Academic journal article Innovation: Organization & Management

Innovation and the City

Academic journal article Innovation: Organization & Management

Innovation and the City

Article excerpt


The literature on the increasingly globalised nature of innovation is enormous, particularly that dealing with multinational corporations and global trade. However, less work has been done on the spatial aspects of innovation, which is an important dimension of the globalisation process. This is because innovation activities, personnel and expenditure tend to be geographically concentrated or clustered. It is also because certain geographical areas tend to be associated with significant levels of innovation activity and success, such as Silicon Valley for semiconductors, London for hedge funds, or Paris for fashion.

Cities provide an ideal environment for innovation as they offer proximity, density and variety. However, some cities are more innovative than others, and policymakers have long been concerned with finding out why. Unpacking this problem requires considerable effort. Cities are complex systems and they exist in the context of diverse regions, nations and international relationships. Moreover, cities themselves rarely innovate - they are hosts for innovation by people, firms and organisations. This means that cities often support innovation indirectly and that some of the most important things they do are not thought of as innovation policy at all. This article presents an initial consideration and analysis of which particular urban features, processes or assets may be important in enabling, sustaining and promoting innovation.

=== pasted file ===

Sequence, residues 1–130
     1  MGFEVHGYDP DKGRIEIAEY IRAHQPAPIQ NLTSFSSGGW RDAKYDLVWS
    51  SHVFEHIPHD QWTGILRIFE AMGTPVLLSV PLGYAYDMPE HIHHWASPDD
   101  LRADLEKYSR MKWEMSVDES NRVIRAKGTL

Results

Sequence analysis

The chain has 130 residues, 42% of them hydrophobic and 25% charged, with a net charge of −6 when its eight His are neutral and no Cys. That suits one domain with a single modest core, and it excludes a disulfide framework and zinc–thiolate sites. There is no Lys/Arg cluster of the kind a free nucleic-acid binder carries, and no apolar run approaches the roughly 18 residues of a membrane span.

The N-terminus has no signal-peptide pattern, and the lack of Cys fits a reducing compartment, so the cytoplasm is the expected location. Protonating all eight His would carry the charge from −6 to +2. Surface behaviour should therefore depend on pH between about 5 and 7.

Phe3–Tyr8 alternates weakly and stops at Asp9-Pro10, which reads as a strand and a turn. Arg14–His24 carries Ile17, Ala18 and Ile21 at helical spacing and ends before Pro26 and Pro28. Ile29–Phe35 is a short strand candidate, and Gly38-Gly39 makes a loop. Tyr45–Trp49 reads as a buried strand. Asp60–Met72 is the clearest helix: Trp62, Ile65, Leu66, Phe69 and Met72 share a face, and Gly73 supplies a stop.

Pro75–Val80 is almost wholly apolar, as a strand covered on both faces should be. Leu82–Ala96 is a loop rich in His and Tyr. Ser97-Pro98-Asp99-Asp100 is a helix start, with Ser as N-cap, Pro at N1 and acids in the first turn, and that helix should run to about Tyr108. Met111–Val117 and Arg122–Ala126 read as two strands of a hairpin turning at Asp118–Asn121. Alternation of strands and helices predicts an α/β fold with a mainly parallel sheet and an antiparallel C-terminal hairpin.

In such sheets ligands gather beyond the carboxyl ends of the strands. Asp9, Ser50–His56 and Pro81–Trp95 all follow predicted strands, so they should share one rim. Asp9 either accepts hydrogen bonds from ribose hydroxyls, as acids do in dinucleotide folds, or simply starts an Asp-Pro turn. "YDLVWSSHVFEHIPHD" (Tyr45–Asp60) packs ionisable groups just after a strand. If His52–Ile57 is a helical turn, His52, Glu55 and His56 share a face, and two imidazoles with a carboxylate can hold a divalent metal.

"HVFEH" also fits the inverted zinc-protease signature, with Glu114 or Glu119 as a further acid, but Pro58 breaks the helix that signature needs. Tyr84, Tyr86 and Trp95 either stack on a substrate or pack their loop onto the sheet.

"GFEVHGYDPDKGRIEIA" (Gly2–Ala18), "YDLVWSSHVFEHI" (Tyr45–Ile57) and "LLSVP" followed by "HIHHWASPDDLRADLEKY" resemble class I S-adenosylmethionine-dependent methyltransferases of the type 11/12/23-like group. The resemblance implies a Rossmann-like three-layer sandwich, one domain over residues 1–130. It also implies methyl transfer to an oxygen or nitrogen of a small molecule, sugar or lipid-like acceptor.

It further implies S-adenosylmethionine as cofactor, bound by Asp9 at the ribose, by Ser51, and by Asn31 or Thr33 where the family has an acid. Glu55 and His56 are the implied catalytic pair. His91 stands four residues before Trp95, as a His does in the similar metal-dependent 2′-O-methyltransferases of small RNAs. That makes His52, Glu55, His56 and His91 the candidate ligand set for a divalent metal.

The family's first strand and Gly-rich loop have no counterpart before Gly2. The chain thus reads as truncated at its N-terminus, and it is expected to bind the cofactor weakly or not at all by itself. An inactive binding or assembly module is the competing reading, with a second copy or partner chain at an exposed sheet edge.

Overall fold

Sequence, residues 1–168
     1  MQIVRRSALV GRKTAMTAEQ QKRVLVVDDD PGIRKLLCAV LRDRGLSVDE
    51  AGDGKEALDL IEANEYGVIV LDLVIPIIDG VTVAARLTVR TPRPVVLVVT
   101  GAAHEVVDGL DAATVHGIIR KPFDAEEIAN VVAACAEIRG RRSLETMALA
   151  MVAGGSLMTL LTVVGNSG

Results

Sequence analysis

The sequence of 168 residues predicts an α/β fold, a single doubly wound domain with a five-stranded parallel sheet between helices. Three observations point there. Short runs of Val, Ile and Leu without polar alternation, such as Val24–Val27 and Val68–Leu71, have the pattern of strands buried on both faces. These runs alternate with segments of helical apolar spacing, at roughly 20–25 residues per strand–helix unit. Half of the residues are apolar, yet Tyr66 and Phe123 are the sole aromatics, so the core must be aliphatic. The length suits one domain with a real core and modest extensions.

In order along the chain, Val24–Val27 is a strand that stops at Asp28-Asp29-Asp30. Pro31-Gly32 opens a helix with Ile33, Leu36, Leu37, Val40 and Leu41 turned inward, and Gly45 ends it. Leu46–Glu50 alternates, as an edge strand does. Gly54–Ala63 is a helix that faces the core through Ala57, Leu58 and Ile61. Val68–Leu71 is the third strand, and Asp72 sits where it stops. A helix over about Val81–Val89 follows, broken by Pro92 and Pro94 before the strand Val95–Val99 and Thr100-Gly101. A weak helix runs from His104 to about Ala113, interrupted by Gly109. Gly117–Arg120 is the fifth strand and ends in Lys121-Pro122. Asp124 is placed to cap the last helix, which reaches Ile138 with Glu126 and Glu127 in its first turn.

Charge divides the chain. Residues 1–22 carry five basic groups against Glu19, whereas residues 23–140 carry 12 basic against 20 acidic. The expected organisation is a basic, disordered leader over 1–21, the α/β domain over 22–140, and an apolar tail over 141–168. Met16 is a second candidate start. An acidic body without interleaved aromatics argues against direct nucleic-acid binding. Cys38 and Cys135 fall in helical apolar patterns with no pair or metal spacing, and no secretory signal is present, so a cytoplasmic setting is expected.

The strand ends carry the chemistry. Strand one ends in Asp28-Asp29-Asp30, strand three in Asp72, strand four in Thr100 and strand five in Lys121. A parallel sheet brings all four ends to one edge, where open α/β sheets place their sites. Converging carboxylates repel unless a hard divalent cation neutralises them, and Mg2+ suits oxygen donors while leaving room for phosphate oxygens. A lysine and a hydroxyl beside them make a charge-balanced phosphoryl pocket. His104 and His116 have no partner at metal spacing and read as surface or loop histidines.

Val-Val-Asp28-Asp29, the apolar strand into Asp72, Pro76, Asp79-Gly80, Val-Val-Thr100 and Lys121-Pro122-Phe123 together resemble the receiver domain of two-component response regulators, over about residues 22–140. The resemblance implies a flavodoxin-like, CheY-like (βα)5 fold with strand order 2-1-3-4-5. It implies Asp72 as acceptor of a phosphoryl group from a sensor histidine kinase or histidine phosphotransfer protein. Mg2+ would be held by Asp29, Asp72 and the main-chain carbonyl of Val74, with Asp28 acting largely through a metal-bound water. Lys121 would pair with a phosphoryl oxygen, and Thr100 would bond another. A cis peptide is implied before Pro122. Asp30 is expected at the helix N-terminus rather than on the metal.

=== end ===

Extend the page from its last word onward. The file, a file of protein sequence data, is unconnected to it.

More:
The paper draws on a 12-month research project carried out in 2007 focusing on cities in the UK and Germany. The paper uses the term 'city' to mean the spatial area that comprises a functional urban economy. In the UK, the title 'city' has no statistical or technical definition - it is a title conferred on a settlement by a royal charter. This paper therefore focuses on the 'economic city' - functional urban economies of scale - and uses statistics from the largest 56 functional urban economies in England. When we refer to 'cities' in this paper, we mean a large urban area, based on a functional urban economy.


In England, several measures of innovation suggest that the highest rates of 'visible innovation' are found in and around cities. Analysis of European Patent Office data for 1999 to 2001 shows that 67 per cent of EPO patent applications came from the 56 largest cities in England, and that 43 per cent of these applications came from just 10 cities (DCLG-SOCD).

Patent applications are only one measure of innovation; they are poor at capturing process innovations and are biased towards manufacturing industries (NESTA, 2006) and science-based fields. However, the strong urban focus of innovation holds true when broader types of innovation are included, such as those recorded by the Community Innovation Survey (CIS) which provides data for a range of types of innovation, including organisational, service and process innovations as well as product innovation, and data on the employment of scientists and researchers. The Fourth European Community Innovation Survey (CIS) provides an estimate of the proportion of all firms which are 'innovation active', actively innovating by developing or improving new products and processes, implementing new organisational forms or adopting and adapting existing ideas and innovations for their own use. The CIS reveals that a number of England's cities have high rates of innovation-active firms, compared to the English average (Department for Communities and Local Government, 2006). A more recent analysis of this data by Simmie et al. (2008) shows that the cities with the highest rates of innovation-active firms tend to be small yet internally and externally well networked cities. It may therefore not be size that is essential to city innovation.

Cities generally seem to offer the specialised, knowledge-based labour markets that help to enable and drive innovation. Employment data for England, for example, show that in 2005, 81 per cent of knowledge-intensive business services employment was located in cities. …

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